We stayed six days at Malheur NWR. Originally we had intended to stay maybe three days and then move on to the Redwoods and southern Oregon however the long days in the truck were really wearing and we were enjoying Malheur very much despite weather that ranged from rain to snow to hail with lots of high winds thrown in just for fun. Most of the weather came in sudden bursts with sun breaks in between. We generally timed our outings to avoid the drenching rains and managed to get in good birding, some nice walks and a brief bike ride. Sadly the weather conditions did not make for good photography conditions. I made the best of it when I could.
Frenchglen is a must stop in that part of Oregon. It has a school, a BLM office, a store that is rarely open and then with a surly shopkeeper, and a historic hotel. And it is usually swarming with birders!
Much of our birding was done from the truck in order to avoid wind and rain. Note the various layers of clothing. We wore many combinations in order to stay warm. I was happy to have my rubber boots with me.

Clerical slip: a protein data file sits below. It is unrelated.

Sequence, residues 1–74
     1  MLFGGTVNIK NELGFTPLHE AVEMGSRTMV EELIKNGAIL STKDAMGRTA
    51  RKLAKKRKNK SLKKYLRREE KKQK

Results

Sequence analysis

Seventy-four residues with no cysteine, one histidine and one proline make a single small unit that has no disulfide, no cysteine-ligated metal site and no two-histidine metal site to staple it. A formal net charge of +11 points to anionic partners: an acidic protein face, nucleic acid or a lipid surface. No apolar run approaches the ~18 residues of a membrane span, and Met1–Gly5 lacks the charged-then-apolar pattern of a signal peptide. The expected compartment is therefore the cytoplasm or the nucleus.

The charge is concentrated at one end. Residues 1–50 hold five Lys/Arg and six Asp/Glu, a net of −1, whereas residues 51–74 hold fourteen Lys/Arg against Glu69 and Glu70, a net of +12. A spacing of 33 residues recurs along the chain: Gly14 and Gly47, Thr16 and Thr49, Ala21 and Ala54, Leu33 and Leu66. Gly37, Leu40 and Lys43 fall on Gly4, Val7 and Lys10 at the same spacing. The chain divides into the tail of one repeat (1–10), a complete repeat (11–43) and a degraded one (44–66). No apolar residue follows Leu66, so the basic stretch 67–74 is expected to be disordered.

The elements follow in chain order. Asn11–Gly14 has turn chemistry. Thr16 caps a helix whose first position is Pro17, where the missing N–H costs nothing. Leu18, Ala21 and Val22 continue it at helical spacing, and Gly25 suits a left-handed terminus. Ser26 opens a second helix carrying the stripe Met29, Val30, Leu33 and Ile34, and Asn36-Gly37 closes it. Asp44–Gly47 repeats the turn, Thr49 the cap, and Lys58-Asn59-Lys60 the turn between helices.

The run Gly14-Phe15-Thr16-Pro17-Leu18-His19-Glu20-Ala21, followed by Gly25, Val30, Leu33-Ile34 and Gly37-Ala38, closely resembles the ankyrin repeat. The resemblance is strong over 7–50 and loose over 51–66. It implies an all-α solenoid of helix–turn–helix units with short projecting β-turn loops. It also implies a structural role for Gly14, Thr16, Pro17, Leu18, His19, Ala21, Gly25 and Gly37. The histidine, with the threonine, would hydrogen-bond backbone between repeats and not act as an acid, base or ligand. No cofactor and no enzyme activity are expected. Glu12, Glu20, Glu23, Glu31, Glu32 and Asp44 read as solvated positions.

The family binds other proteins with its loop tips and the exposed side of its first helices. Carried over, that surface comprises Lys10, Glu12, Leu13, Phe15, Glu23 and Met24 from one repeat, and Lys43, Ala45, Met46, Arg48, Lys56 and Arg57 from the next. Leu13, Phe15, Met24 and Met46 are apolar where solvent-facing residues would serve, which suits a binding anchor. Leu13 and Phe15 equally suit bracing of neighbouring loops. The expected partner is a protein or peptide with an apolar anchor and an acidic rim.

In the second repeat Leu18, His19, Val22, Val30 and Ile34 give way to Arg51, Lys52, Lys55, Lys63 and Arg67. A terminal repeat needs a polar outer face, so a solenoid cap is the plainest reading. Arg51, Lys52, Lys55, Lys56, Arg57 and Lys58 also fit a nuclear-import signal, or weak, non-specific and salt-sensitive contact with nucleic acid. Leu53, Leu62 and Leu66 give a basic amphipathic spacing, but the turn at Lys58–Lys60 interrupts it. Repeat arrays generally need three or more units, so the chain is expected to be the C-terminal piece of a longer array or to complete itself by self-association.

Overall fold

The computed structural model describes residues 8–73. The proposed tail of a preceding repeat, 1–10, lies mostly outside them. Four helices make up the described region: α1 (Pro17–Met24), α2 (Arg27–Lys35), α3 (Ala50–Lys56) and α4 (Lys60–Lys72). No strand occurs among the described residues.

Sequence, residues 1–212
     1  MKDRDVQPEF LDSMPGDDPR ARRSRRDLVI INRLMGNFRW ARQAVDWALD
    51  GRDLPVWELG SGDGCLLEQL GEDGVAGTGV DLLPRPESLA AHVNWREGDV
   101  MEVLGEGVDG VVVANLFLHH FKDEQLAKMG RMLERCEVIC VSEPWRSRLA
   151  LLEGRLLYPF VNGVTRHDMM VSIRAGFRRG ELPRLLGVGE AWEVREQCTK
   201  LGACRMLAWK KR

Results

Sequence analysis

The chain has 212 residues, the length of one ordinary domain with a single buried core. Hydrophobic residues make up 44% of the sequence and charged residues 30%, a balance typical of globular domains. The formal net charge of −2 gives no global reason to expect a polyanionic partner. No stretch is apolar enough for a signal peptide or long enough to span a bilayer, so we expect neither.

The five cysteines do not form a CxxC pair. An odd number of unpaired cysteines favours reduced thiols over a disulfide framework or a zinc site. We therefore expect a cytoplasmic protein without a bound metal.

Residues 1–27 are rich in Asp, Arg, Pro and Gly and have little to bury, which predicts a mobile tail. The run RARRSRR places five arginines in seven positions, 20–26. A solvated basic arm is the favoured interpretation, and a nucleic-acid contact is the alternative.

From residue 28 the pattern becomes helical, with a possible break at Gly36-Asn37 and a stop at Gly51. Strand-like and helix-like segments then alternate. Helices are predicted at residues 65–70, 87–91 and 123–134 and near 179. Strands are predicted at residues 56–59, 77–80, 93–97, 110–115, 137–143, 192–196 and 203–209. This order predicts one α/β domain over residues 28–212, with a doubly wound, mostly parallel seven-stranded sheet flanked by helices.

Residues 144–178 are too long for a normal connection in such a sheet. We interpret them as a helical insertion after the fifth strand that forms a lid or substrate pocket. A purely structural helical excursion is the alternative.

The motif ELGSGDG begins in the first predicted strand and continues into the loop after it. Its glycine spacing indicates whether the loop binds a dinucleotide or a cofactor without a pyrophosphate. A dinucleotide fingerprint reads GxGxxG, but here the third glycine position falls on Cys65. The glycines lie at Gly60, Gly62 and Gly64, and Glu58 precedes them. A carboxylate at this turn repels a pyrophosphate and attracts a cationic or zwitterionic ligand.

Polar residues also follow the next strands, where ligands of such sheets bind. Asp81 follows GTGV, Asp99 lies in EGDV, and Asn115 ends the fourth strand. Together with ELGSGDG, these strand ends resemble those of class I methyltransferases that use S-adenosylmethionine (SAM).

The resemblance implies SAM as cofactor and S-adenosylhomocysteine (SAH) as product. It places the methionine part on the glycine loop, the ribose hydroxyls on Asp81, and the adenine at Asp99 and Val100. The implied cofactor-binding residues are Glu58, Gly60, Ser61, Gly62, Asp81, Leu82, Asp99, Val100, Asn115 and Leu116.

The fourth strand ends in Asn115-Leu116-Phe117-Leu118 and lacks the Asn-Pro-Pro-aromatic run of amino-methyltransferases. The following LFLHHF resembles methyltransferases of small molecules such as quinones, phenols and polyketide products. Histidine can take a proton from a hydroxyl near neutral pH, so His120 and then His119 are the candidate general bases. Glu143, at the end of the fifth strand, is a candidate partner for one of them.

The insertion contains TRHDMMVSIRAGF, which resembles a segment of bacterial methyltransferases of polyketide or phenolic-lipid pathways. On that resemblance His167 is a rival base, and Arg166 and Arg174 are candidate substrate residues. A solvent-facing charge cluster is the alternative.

White-faced Ibises. There were many thousands of them, it seemed.
The Hooded Warbler. If you look at your range maps, you will notice that this bird should not be in SE Oregon. Going through Frenchglen one morning we saw lots of birders searching with their binos; we even ran into birding friends from the Walla Walla area. Turns out everyone was searching for the Hooded Warbler that had been seen the day before. Alas, we did not find it despite tromping around in the wet grass and brush for an hour or more. The next day, at the P Ranch, as I rode by on Ken’s bike, a man said, ‘Hey, are you interested in a Hooded Warbler?” Screech, went the brakes! Oh yeah. What a find.
My, what big ears you have.
Lots of nesting shorebirds including this Black-necked Stilt.
The air was often full of the sound of winnowing Snipes.
I know, it’s hard to see however there is a Sandhill Crane on a nest down there.
Magnificent landscapes everywhere we turned. And water. So much water.
This intersting allium had me stumped. I still don’t know its species. It was on top of a basalt mesa.
One in full bloom.
Here you can see the outlines of the tops of the basalt columns that make up the mesa.
The rains produced lots of watering holes.